MOBILE, Ala. (WKRG) — Testimony in the reckless murder trial of Mobile doctor Jonathan Nakhla resumed Thursday. Among the morning’s witnesses was a nurse who said that Nakhla did not give consent to have his blood taken.

After denying the defense’s motion on Monday, Judge Ben Brooks announced the jurors would return Thursday morning to hear testimony. First to testify, two lab technicians who were working at Mobile Infirmary the night Nakhla’s Audi Spider crashed on the west I-65 service road near Airport Boulevard, killing University of South Alabama medical student Samantha Thomas. The technicians answered questions from the prosecution and the defense about the kinds of test they ran.

Third on the stand Thursday morning was Marsha Bolton, an emergency room charge nurse who was also working at Mobile Infirmary when Nakhla was brought into the hospital after the deadly crash.

Bolton testified that Nakhla did not want to give consent for the hospital to draw blood. Only after an officer provided a search warrant did Bolton draw Nakhla’s blood.

Nakhla’s defense asked Bolton if she knew that Nakhla had a head injury. Bolton said she did not remember. Police body camera footage played for the jury shows Bolton saying, “I don’t think he is coherent enough to consent to that… his wife and family are out there.”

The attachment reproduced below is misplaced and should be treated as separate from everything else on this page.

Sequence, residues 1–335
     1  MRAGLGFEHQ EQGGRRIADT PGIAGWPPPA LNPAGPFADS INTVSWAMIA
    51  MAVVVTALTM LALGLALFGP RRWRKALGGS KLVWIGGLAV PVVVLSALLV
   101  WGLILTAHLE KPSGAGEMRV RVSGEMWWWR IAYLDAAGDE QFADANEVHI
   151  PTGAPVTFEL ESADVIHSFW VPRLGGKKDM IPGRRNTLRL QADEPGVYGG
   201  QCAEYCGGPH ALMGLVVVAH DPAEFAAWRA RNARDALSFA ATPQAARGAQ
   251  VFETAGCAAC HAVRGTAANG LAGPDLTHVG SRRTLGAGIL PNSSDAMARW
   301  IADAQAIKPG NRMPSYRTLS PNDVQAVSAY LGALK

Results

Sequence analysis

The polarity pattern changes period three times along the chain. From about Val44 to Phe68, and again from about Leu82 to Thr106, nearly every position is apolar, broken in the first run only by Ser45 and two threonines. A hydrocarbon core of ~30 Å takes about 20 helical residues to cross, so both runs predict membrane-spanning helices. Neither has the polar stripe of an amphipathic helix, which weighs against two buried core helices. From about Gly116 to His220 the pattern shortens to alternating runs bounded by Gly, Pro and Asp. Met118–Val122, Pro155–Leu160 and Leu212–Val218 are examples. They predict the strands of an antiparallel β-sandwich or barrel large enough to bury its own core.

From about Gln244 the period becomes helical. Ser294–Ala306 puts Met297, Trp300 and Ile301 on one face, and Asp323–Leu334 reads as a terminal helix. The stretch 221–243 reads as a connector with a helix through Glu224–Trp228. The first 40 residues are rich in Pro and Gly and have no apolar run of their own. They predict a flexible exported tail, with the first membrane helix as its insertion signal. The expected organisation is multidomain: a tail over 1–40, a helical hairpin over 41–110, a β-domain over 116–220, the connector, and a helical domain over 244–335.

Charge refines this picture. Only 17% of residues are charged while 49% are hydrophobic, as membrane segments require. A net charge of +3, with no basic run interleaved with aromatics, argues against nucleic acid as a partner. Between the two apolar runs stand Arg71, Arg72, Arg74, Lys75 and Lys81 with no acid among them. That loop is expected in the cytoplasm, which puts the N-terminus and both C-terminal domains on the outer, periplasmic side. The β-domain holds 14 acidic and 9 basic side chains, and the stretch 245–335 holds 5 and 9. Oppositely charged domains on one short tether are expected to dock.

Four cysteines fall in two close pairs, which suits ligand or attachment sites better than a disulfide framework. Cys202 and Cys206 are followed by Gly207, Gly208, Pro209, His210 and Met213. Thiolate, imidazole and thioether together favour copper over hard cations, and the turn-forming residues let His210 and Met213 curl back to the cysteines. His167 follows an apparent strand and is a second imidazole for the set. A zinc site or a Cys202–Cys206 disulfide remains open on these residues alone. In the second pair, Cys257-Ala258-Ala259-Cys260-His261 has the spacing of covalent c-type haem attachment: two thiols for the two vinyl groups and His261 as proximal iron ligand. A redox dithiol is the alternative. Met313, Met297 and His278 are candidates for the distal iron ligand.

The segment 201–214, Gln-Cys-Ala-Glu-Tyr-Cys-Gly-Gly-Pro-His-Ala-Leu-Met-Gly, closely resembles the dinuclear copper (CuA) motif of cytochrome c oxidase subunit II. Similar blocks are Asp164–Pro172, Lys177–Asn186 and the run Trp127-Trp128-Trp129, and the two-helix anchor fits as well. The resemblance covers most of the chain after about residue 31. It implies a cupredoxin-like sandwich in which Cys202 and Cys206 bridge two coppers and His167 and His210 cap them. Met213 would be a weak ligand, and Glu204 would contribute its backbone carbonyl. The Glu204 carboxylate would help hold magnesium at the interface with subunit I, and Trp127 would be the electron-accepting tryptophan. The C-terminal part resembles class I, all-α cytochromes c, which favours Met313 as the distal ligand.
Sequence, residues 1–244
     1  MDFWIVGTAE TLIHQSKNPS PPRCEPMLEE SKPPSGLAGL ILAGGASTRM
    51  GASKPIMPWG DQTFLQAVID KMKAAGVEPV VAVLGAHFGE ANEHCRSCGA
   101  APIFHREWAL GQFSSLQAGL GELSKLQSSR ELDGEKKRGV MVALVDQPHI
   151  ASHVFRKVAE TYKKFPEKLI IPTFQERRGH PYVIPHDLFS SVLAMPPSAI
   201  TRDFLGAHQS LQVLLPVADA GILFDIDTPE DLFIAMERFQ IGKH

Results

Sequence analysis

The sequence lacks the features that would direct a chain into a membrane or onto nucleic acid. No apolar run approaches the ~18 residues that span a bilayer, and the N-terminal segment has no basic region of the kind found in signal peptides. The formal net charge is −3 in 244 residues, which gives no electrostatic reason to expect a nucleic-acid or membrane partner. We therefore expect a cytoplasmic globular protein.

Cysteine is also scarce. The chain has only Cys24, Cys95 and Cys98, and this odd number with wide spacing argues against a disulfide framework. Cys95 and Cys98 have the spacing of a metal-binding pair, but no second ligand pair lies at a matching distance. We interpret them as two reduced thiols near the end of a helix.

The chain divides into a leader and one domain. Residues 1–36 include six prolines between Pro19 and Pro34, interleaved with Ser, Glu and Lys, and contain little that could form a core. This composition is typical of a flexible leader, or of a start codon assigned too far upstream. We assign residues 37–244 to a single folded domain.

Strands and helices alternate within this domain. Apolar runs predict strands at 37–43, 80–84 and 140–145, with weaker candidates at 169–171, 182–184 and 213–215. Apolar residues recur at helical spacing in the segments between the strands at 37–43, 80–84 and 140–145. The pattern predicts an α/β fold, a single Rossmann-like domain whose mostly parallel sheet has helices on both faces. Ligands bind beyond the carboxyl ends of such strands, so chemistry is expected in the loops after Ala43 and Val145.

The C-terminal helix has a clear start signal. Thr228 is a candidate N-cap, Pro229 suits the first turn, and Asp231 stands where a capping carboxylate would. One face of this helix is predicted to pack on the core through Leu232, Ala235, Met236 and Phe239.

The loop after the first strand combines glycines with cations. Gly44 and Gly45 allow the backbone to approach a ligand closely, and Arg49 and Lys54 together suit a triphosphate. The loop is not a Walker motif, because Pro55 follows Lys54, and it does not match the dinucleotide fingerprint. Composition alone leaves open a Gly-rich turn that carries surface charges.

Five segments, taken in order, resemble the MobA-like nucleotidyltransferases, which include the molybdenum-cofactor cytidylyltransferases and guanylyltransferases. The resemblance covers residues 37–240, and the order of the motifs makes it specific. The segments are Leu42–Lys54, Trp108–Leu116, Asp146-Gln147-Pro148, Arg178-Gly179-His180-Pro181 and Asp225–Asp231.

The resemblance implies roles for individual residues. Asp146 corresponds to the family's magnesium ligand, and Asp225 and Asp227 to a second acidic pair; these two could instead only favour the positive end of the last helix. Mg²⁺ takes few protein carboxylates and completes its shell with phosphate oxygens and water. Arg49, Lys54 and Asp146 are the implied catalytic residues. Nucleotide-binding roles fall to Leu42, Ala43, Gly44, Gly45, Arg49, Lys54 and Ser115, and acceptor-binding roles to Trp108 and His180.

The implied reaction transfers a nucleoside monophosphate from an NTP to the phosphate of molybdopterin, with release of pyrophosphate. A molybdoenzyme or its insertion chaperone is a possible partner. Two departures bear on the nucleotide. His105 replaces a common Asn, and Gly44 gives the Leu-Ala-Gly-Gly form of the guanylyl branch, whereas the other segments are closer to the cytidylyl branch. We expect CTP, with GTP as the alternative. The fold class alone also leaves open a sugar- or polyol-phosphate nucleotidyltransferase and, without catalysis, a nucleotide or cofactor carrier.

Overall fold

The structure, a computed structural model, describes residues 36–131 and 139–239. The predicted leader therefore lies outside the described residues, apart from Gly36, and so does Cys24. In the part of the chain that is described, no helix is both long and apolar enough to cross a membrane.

In body camera footage not played for the jury, Bolton tells officers that “Mobile Infirmary’s policy is they have to be able to give consent whether you have a warrant or not.”

Bolton said she told officers this because Nakhla had just been in a crash and was under stress. Bolton also said she did not make the statement because she thought Nakhla was intoxicated.

Another emergency room nurse, Kayla Lindy, testified that Nakhla did not lose consciousness at the hospital. Lindy testified that Nakhla had a four centimeter laceration on his head for which he received four stitches. She said his vitals were normal and that he said his pain level was a 2 out of 10. Lindy testified that Nakhla was stable and could walk.

Lindy called Nakhla a “difficult patient” who “didn’t want to do what we wanted him to.” Lindy said Nakhla left his bed without permission and walked around the emergency room, at one point even trying to go toward the doctor’s lounge.